Hand picking a team to win right now and remain competitive in the future, money being no issue, how many second basemen would you chose ahead of Robinson Cano? Is Chase Utley the only one? I’m sure there are some would prefer Dustin Pedroia or Ian Kinsler — and I’m positive everyone back home in Sikeston, Missouri would choose Blake DeWitt — but Cano ranks right up there at the top, clearly behind Utley but in the conversation for the second-best second baseman in the game. Not bad for a 27-year-old.
Starter: Robinson Cano
Backup: Ramiro Pena
Veteran insurance: none
Almost ready: Kevin Russo, Reegie Corona
Low rising: David Adams, Corban Joseph
Cano is in place, but the Yankees don’t have a veteran second baseman behind him. Pena is an outstanding defensive player with solid speed and a bat that might be improving, but he will probably never be an especially good offensive player. If something were to happen to Cano and the Yankees needed more than a spot start at second, Russo would be the better option (in my opinion). He really showed a lot in Triple-A last year and seems more advanced than Corona. Kudos to the Yankees for not feeling the absolute need to grab a proven middle infielder who brings little to the table other than experience. Standout second base prospects are rare — and I wouldn’t call any of the young Yankees second basemen superstars — but there is a long line of nice young second basemen coming through the system.
Worst-case scenario: It’s obvious isn’t it? Cano goes down — or falls into a funk like he experienced at the start of 2008 — and none of the young Yankees are able to handle the job. At some point, a team has to trust it’s young players, especial in a backup role, but that transition always comes with a risk.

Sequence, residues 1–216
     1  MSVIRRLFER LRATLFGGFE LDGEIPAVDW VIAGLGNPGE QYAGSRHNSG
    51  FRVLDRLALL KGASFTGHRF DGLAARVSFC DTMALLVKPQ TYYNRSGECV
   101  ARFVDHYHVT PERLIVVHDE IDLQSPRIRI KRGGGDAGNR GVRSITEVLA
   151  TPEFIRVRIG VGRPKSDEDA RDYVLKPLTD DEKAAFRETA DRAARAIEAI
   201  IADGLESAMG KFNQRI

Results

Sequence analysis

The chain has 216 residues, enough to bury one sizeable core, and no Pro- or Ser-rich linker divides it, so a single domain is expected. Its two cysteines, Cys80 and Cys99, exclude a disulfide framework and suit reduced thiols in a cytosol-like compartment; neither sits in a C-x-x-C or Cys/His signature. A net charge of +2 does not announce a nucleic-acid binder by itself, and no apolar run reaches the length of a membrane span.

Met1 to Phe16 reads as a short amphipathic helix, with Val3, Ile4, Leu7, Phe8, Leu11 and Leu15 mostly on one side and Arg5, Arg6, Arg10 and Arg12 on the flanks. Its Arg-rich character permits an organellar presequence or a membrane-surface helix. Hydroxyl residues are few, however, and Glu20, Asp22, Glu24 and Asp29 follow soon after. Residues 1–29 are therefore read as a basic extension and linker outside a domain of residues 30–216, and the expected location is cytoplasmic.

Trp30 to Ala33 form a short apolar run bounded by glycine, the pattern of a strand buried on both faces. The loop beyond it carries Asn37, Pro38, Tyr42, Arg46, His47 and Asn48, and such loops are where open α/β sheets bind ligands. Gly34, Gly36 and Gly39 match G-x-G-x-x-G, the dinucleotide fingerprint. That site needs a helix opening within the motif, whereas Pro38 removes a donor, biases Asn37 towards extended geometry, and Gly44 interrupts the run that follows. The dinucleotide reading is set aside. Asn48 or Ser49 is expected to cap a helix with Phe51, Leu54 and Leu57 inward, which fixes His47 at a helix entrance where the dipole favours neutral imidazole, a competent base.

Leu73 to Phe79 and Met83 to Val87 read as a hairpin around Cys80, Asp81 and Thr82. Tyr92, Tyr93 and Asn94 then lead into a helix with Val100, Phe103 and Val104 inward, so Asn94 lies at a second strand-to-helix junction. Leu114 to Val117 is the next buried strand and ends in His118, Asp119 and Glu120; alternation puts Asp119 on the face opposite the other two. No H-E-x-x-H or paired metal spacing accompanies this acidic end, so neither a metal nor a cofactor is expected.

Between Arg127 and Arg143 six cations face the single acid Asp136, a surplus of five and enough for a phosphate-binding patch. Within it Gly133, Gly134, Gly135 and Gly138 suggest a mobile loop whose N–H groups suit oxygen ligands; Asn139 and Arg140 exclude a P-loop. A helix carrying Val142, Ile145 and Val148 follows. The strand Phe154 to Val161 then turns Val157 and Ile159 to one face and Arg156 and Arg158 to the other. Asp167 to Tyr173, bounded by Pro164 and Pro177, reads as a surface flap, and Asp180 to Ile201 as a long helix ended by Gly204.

Best-case scenario: Wouldn’t everyone involved be happy with a repeat of 2009? If Cano once again hits .320 with 25 home runs and 48 doubles, the Yankees might have the most productive No. 7 hitter in the game. If Russo repeats as the best lead-off hitter in the International League, the Yankees will have a legitimate middle infielder begging for an everyday job in the big leagues. If Adams and Joseph each get a promotion and succeed at the next level, they’ll begin looking like Top 10 organizational prospects. Last year was a good year for Yankees second basemen. If it ain’t broke…
The future: Cano is signed through 2013, and the Yankees can buyout either of the last two years. Basically, the ball is in their court. Cano is going to get pretty expensive in those last few years, but he’s under the Yankees control. They can decide whether he’s worth it, and by the time they have to make that decision, the Yankees should know what they have in their up-and-coming second basemen. Most like, the future looks a lot like the present, but the Yankees have some options.
An attempt at the complete depth chart
An educated guess, but just a guess
Scranton: Reegie Corona
Trenton: David Adams
Tampa: Corban Joseph
Charleston: Jimmy Paredes
Extended: Emerson Landoni (or he might be a utility type in Charleston)
Where’s Russo? As it stands, the Triple-A roster is going to have a lot of mix-and-match going on in the infield. My guess is, Russo will get most of his starts at third base while Corona gets most of his time at second. They just fit those positions a little better, but if the big league club needs a second baseman, I still think Russo would get the call ahead of Corona. Also, you might know the name Damon Sublett as a second base prospect, but he moved to the outfield last year.